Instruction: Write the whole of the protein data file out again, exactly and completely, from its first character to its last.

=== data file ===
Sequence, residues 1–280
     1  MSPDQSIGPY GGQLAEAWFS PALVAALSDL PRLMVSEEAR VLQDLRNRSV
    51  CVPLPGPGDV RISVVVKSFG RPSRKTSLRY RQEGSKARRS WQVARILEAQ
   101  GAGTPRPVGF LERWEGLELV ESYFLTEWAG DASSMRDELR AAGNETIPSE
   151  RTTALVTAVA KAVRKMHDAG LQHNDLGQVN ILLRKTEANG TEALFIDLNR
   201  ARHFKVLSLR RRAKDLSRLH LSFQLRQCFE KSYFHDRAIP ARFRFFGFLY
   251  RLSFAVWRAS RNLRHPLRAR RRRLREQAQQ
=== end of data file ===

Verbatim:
Sequence, residues 1–280
     1  MSPDQSIGPY GGQLAEAWFS PALVAALSDL PRLMVSEEAR VLQDLRNRSV
    51  CVPLPGPGDV RISVVVKSFG RPSRKTSLRY RQEGSKARRS WQVARILEAQ
   101  GAGTPRPVGF LERWEGLELV ESYFLTEWAG DASSMRDELR AAGNETIPSE
   151  RTTALVTAVA KAVRKMHDAG LQHNDLGQVN ILLRKTEANG TEALFIDLNR
   201  ARHFKVLSLR RRAKDLSRLH LSFQLRQCFE KSYFHDRAIP ARFRFFGFLY
   251  RLSFAVWRAS RNLRHPLRAR RRRLREQAQQ